Few, if any, moments in wine are more dramatic than when a producer decides it is time to pick fruit. Whether they rely upon a Brix reading, a visual cue from the grape seeds, or the finely tuned instrument of their own palate, making the call to harvest a plot of grapes is a decision fraught with consequence. Get it exactly right and you can have a legendary vintage. Get it wrong, and nothing that follows from the vine to the winery to the bottle can make up for an ill-timed harvest. “Ripeness is balance at its apogee,” notes Julia Harding, a Master of Wine, wine critic, contributor to, and the co-author of the often-referenced book Wine Grapes. Yet given the frequency with which “ripeness” and “balance” are used as terms in wine discussion, it is worth our time to take a step back and try to find a consensus on what they actually are (or even, if they are the same thing), and the ramifications this may hold for our sensory perception.  As we discovered, defining where that apogee of balance lies can be exceedingly difficult. Balance “resists codification,” says wine writer and Wine Scholar Guild Academic Advisor Andrew Jefford. “It varies culturally; it varies by individual; it varies by region and by variety.” For our latest Great Debate, Andrew Jefford and Julia Harding tackle the finer points of ripeness and balance in wine. Their back-and-forth covers a lot of ground: how to decipher balance on the palate, the differences between tasting wine and drinking a wine, putting the value of alcohol levels into context, the role climate change is playing in defining our sense of taste, and even the dangers of allowing one’s intellect to override the sensual response. All of it, Jefford suggests, is in a quest for, what he calls, “resonance.” While we may not have arrived at any convenient new truisms, in the end, wine’s remarkable ability to reveal the harmony of nature is — at least for now — something we can all agree on.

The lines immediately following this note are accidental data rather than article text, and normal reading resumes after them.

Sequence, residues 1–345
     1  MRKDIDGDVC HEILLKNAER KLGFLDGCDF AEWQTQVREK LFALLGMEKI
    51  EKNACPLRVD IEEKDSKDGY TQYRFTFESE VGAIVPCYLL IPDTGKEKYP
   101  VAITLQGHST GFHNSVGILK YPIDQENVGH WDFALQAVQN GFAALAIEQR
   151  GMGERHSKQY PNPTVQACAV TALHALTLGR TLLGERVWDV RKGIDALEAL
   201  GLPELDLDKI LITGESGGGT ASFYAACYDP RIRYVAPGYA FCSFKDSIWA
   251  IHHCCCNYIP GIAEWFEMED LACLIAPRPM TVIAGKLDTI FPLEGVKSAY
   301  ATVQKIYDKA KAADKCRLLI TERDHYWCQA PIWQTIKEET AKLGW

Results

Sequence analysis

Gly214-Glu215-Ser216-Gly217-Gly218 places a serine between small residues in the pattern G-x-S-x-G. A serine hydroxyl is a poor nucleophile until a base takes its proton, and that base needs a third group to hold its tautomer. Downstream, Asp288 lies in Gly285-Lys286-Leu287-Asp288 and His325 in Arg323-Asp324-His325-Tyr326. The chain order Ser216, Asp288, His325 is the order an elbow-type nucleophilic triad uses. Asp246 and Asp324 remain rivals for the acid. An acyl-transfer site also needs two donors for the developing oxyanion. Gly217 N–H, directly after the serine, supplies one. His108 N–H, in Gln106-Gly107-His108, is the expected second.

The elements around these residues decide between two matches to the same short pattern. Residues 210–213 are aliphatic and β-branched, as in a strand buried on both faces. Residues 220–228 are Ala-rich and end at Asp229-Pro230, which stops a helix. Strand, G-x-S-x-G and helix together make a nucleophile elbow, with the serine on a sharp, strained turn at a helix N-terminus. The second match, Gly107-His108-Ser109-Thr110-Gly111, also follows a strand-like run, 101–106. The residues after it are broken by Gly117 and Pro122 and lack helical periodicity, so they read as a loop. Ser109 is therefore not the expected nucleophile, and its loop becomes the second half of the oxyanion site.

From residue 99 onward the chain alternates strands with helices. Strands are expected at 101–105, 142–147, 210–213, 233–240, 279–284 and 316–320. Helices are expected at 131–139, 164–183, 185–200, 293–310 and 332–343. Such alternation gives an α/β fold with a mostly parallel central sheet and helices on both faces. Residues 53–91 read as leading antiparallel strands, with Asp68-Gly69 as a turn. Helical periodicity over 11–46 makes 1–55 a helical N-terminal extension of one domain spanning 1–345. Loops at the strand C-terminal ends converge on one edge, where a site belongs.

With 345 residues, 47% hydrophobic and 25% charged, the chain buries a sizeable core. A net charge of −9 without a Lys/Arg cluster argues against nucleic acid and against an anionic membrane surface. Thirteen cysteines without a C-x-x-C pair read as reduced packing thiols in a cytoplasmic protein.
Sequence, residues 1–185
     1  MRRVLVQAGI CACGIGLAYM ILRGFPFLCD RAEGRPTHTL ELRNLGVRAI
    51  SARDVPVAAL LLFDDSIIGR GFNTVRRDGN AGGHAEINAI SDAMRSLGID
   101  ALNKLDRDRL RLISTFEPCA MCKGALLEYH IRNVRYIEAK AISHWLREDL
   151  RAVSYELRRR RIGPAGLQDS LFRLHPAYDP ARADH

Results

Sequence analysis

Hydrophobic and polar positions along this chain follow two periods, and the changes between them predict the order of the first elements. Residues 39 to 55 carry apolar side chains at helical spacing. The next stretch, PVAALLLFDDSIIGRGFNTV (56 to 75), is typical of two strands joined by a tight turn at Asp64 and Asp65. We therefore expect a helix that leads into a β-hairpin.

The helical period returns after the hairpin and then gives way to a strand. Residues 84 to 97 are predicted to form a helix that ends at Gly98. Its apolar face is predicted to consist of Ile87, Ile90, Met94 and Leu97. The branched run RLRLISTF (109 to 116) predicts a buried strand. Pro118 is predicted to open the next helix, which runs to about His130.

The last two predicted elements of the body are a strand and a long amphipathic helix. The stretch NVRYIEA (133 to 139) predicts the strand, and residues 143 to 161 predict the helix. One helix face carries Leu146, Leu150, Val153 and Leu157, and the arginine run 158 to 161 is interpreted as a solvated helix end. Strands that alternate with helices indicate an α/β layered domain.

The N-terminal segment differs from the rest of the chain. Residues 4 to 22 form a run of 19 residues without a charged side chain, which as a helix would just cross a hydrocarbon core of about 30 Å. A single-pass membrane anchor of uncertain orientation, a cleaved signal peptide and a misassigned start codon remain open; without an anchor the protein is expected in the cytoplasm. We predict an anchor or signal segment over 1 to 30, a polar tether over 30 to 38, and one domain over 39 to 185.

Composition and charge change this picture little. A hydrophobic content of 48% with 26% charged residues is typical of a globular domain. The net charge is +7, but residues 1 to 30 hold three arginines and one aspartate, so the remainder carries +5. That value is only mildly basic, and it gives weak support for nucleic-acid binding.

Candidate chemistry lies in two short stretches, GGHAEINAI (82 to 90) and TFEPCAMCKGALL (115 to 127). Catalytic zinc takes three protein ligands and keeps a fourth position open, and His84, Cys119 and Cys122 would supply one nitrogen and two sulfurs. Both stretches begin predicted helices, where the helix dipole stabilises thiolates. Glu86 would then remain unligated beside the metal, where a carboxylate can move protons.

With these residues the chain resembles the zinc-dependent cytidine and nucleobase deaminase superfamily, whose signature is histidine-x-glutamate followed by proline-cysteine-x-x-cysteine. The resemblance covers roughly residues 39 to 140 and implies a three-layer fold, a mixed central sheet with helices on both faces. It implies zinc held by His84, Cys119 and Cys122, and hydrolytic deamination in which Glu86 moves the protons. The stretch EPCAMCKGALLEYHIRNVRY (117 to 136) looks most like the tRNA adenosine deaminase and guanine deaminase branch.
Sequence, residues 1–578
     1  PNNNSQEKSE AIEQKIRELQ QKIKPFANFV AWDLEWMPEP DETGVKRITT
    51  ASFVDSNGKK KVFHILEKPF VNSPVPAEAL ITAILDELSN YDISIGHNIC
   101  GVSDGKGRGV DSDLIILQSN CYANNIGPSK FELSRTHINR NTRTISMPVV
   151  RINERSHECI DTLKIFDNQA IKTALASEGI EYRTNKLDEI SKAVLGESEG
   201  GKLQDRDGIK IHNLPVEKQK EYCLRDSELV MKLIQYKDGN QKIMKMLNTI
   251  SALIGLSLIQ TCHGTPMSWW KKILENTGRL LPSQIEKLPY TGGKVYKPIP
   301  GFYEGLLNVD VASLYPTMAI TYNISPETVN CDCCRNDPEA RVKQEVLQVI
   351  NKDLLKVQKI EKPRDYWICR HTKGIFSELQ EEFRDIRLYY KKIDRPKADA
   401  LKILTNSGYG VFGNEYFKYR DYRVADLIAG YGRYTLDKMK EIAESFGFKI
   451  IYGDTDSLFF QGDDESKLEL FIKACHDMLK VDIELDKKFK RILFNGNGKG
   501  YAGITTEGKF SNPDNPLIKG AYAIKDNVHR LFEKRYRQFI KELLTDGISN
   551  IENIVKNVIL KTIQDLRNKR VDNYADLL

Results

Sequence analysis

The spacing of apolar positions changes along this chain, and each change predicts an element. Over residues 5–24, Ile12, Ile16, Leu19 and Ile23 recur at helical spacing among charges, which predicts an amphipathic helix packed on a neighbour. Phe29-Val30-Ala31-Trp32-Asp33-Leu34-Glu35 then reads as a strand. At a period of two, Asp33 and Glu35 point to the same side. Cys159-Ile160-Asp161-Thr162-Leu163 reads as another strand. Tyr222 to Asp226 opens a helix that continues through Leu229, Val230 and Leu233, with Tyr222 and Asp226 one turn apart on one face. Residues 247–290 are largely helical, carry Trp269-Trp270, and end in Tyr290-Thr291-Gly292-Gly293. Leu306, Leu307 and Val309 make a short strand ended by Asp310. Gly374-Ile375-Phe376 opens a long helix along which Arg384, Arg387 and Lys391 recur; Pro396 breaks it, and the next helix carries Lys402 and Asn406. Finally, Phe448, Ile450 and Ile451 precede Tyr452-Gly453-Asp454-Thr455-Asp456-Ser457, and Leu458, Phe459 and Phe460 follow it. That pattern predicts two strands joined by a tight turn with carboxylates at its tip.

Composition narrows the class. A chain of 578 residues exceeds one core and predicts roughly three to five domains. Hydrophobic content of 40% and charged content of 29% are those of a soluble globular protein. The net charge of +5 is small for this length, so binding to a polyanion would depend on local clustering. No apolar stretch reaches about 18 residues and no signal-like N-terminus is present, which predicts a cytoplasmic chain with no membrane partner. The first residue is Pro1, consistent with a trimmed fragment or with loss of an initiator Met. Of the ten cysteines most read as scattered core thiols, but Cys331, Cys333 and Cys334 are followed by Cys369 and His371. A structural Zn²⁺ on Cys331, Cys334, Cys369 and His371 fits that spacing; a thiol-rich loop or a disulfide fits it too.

Vine to Wine: A Year of Viti/Vini - April

With warmer weather, bud break comes quickly. The tiny buds swell and then quickly reveal small, fuzzy, green leaves as the shoot primordia begin to elongate. These shoot primordia will become fully developed shoots over the next few weeks!  Although the exact timing of bud break varies from location to location and from year to year, cooler growing areas can have bud break as late as May; warmer regions as early as March. Either way, bud break officially starts the new vintage for the vines!

Vine to Wine: A Year of Viti/Vini - August